Six representatives of the Hunger Free Dallas County coalition briefed the Perry City Council Monday on their ongoing efforts to increase access to nutritious food for low-income residents of the county and encourage donations to the coalition’s ongoing efforts to feed the neediest.
One challenge faced by Hunger Free Dallas County lies in changing the common perception that everyone around here has enough food to eat.
“I think that there might be a perception that everything is fine and that needs are being met,” said Beth Frailey, community health coordinator with the Dallas County Public Health Department. “However, we know that nearly 10 percent of Dallas County residents are food insecure, and federal safety-net programs like SNAP, formerly known as food stamps, have been cut a lot. So a family of four that receives $24,000 in income would receive about $40 a month for food stamps, which is not enough to feed a family of four.”
As federal and state support has shrunk, the Hunger Free Dallas County coalition has worked since 2015 to expand the borders and hours of local food pantries in Dallas County and has partnered with the Food Bank of Iowa to increase the number of mobile food pantries, Frailey said.
Along with the dozen food pantries in cities around the county, the Perry Community School District also offers food support as a satellite for the Food Bank of Iowa. PCSD School-Community Liaison Megan Maylum said about 75 percent of the Perry Elementary School students qualify for the Free and Reduced Lunch program.
“The vast majority of those are free lunches, which means they are pretty low on the poverty scale,” Maylum said. “So we have partnered with the Food Bank of Iowa, and we have a food pantry at the high school, which is accessed by all the students throughout the district.”
Maylum told the council a story about a high student student who was pregnant but still carrying on full-time in school while also working 30 hours a week. She said this student had younger siblings at home, and her mother was also pregnant.
“They were under a lot of strain,” Maylum said, “and as we heard, 40 bucks a month for food is not very much, so we were able to supplement her family with food and help her gain some access to other community resources as well. So that was great. We have a lot of stories like that.”
The Food Bank of Iowa also supplies a backpack program at PHS that serves about 50 students a month. The backpacks give students a discreet way of carrying home food without being teased or taunted by their more fortunate classmates.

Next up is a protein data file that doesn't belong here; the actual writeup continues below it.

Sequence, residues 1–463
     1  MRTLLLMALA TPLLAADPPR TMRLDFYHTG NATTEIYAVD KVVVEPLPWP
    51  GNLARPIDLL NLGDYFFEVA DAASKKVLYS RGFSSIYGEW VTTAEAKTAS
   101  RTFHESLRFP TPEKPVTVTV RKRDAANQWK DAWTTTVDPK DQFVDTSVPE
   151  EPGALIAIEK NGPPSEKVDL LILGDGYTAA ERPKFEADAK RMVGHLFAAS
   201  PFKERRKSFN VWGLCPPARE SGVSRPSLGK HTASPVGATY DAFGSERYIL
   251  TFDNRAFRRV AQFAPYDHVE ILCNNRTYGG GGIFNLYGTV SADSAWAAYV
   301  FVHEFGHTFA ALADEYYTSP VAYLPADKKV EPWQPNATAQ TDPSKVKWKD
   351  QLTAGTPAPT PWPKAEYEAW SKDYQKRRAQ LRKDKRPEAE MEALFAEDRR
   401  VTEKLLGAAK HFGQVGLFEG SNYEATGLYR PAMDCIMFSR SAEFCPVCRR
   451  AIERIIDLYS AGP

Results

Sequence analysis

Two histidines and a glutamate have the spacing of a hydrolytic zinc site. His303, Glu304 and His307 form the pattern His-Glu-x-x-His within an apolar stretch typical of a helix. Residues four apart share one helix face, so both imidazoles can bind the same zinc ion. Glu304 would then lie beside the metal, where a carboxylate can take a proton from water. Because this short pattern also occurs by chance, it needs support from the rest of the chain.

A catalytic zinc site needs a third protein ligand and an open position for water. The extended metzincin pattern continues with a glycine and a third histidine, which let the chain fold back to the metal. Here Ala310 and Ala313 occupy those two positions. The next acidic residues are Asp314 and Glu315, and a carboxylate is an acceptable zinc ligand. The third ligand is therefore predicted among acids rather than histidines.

“It’s meant to be supplementary,” said Maylum, as she emptied the meager contents of a backpack for the council’s inspection, “but for some, this is what they have.”
Aubrey Alvarez, executive director of Eat Greater Des Moines, said the backpack program could easily serve twice as many students if the funding was available. Alvarez also proposed a new food program for the Perry area — a free evening meal.
“How can we bring together the right people, the right resources, whether that’s churches or other community members, to offer a free meal in the evening?” Alvarez asked the council.
Perry City Council member Dr. Randy McCaulley noted the Heartland of Christ in Perry has been serving a monthly free supper for several years. Alvarez said in some communities the churches share the responsibility, with each having its own set day, and in other places a central location works well for all the meals.
“You know your community best, and you know maybe where there’s some options,” Alvarez said, urging that Perry “really just try to add another resource into the community, where the backpack program and both of the pantries just haven’t quite been able to meet all the need that we know there is. We just wanted to put that out there to the council as well and see what your thoughts are and what opportunity there is for the council and Hunger Free Dallas County to collaborate.”
McCaulley mentioned the Perry Ministerial Association as a possible coordinator of a meal program, and Perry City Administrator Sven Peterson said HomeCare Services Inc.’s congregate meals program serves lunch to area senior citizens five days a week at the McCreary Community Building.
“It would be interesting to transition that from a senior meal to a community meal,” Peterson said. “It would be interesting to see something like that expanded to all ages.”
Peterson said he has seen children spend their day at the MCB and buy food from the vending machines for breakfast, lunch and dinner.